Reflecting a major shift in the global solar market after four years of severe erosion, prices for photovoltaic (PV) modules in the key European market are rising due to number of factors—including the newly restored balance between supply and demand.
The average selling price (ASP) for Chinese crystalline silicon (c-Si) PV modules shipped to the European Union increased by 4 percent in March, the first monthly rise since January 2009, according to the IHS iSuppli PV Module Price Tracker from information and analytics provider IHS (NYSE: IHS). Prices are set to rise by another 1 percent in April and by an average of 4 percent during the next three months.
“For years, solar module manufacturers have contended with profit-killing market conditions characterized by oversupply and rapidly falling prices,” said Glenn Gu, senior analyst at IHS. “Now, with clear signs that the balance between supply and demand is correcting, prices have stopped their decline and have begun to rise. This is mostly good news, because sales are increasing from Asia, causing worldwide demand to catch up with supply. On the other hand, prices also are rising because of antidumping legislation in the European Union, which is negatively impacting sales for Chinese suppliers.”
Europe is the world’s largest solar market, accounting for 57 percent of global installations in 2012.
The good news and the bad news
The rise in worldwide demand is arising from booming sales in China and Japan. Both countries at present are soaking up massive volumes of modules, helping boost worldwide pricing.
Japan commands a particularly high module ASP, which is pulling up pricing in Europe and worldwide.
Meanwhile in China, the government is expected to reduce its feed-in tariff (FIT), which serves to incentivize solar installations and drive the sales of modules. The Chinese incentive is spurring faster adoption of solar systems while the FIT terms are still attractive.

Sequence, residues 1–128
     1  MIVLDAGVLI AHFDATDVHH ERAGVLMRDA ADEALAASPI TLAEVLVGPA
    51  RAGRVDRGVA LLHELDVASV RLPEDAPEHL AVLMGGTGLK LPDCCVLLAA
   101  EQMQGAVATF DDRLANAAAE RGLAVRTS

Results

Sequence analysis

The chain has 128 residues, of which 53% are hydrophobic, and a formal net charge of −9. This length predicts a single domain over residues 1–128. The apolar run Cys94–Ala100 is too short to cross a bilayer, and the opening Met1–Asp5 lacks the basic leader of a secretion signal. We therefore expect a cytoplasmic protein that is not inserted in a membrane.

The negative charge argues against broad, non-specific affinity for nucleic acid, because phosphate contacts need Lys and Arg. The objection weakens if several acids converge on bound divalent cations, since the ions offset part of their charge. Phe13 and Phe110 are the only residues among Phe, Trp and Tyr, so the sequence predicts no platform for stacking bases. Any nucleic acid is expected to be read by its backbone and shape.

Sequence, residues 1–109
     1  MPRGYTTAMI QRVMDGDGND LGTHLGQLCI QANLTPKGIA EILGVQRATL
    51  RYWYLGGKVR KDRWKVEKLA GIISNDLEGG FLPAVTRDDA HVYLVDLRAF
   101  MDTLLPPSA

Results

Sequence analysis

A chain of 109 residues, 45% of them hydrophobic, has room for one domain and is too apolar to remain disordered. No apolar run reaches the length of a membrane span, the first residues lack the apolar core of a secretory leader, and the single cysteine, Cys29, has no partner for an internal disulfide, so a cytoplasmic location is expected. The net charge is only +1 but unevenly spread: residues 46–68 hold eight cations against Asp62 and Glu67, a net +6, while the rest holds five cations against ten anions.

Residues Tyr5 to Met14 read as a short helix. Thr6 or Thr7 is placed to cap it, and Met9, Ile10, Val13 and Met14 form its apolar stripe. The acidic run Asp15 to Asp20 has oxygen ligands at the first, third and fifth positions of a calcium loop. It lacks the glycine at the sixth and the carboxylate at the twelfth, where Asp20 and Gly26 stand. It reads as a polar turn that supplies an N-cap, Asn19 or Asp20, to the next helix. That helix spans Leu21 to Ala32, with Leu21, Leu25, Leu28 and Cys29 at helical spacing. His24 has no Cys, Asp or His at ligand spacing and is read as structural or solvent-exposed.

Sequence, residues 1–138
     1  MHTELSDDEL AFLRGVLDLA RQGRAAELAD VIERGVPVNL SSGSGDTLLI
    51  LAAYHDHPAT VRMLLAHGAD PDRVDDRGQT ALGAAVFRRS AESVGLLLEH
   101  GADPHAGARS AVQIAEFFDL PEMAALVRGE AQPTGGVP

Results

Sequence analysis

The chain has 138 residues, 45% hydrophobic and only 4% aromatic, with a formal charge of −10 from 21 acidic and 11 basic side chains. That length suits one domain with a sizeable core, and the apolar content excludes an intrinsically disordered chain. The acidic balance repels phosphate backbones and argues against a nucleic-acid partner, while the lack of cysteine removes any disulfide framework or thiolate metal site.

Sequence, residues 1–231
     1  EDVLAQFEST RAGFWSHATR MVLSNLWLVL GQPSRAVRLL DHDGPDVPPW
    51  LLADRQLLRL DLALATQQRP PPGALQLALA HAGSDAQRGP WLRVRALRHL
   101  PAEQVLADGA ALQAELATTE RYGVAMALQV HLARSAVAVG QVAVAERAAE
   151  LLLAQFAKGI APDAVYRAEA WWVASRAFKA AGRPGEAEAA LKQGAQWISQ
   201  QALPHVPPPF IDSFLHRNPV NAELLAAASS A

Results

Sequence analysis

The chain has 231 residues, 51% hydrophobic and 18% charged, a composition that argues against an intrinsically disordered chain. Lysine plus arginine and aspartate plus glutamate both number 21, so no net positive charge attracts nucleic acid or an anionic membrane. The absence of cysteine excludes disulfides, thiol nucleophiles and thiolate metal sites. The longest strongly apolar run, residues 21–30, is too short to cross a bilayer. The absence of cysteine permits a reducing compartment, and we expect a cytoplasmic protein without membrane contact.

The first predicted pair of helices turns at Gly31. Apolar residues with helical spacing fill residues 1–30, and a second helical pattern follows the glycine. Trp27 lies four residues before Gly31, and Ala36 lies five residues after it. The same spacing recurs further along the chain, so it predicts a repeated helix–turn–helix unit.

However, as part of its antidumping action, the EU in early March commenced compulsory registration for imported Chinese solar products. This made many Chinese suppliers unwilling to ship or clear modules through customs to the region. In turn, the development triggered a significant solar module shortage in major European markets such as Germany and the United Kingdom.
Along with increasing administrative costs, the phenomenon has driven up prices in Europe.
The upward price pressure is expected to continue, although the rate of increase is slowing in April compared to March as the rising price starts to dampen demand.
However, looking further ahead into May and June, Chinese module prices in the EU are expected to climb rapidly, driving up overall average module prices globally.
With many Chinese module suppliers cutting back shipments or withdrawing from the market ahead of the preliminary EU solar anti-dumping decision to be announced in early June, the module shortage in Europe is expected to intensify. Average Chinese module prices by the end of May are expected to rise from 5 to 6 percent compared to March, reaching $0.691/Wp or EUR 0.53/Wp.
Tiers of joy
All told, pricing is on the increase from Chinese suppliers of all tiers.
For instance, prices of Tier 1 Chinese suppliers grew by 2.3 percent during the month of March2013, while the average prices of second- and third-tier Chinese suppliers went up by 2.8 percent and 1.4 percent, respectively, during the same period.